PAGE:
that want to talk about the Department as it existed prior to my 
being here, and the Department as it exists now, in terms of 
providing services to the constituency which it serves . 

We're dealing with diminishing federal resources. We 

i! 

don't have any general fund. We're trying to provide a 
mechanism by which these resources continue to be available. 

I am not in any way minimizing the concerns of 
counsel representing these individuals. They have resource. 
They have access. They have recourse. And I think that process 
should be allowed to ensue, and I would hope that you take their 
account and their presentation in balance with what apparently a 
number of other people, including 99 employees of my agency that 
have signed petitions saying that they support my confirmation. 

Apparently there ' s someone in the back who ' s making 
hissing noises, I guess. 

CHAIRMAN ROBERTI: Somebody was, but not right now. 

MR. MARTINEZ: So, I defer to the Committee. 

CHAIRMAN ROBERTI : I think there ' s one other person 
in opposition. Is there somebody else who wants to speak in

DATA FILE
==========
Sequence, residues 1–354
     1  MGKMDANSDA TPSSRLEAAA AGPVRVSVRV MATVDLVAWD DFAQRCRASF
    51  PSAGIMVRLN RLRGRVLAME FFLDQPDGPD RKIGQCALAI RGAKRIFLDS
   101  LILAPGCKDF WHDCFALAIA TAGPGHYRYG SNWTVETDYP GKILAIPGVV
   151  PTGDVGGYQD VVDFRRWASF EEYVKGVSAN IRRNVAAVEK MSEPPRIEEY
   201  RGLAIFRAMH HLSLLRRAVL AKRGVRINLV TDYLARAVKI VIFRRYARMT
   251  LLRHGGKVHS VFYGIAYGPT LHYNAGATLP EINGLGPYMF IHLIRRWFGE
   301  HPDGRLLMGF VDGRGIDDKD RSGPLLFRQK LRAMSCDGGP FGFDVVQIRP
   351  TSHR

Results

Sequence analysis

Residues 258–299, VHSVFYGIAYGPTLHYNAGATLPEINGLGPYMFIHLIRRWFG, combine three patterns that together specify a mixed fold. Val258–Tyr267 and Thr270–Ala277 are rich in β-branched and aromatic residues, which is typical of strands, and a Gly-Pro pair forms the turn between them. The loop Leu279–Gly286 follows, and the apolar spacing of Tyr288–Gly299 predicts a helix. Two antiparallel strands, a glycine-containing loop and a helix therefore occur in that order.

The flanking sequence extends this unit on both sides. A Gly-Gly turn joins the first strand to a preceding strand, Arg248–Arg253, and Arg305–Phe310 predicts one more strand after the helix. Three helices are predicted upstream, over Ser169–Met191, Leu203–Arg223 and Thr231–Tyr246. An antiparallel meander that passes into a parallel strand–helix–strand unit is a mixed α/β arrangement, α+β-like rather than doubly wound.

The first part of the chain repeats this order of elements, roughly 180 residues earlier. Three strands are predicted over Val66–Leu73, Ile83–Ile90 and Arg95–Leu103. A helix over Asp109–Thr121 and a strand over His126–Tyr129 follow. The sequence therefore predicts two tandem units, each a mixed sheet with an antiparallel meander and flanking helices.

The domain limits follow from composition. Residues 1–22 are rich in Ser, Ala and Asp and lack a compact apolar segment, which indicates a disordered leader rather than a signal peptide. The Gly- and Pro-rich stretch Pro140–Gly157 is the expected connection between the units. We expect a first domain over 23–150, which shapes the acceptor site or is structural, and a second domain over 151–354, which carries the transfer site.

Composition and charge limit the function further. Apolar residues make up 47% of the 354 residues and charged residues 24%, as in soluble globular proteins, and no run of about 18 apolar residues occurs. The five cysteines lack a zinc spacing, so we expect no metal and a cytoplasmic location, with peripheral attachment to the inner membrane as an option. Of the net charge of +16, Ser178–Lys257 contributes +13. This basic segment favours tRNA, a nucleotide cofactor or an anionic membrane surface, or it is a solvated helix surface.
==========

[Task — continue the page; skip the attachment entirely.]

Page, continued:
opposition? 

Before we get to the proponents, I appreciate the 
seriousness with which the opponents take this matter, but it's 
a pending personnel case. That is our problem. 



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And both for economy of time, in all appointments 
that we engage in, and propriety when there's something that's 
pending, it's very difficult for us to get into pending cases. 

Senator Petris made a point that is very important. 
If there is a pattern of adjudicated, litigated, whatever the 
word, cases, or complaints that have reached some point of 
adjudication or frustration, then we feel it's within our 
purview in the confirmation process to acct. 

But this is the confirmation process, and we have to 
engage in some kind of restraint ourselves , respecting the 
division of powers as between the Governor and the Legislature. 
And I just don't know if I want to get into a current personnel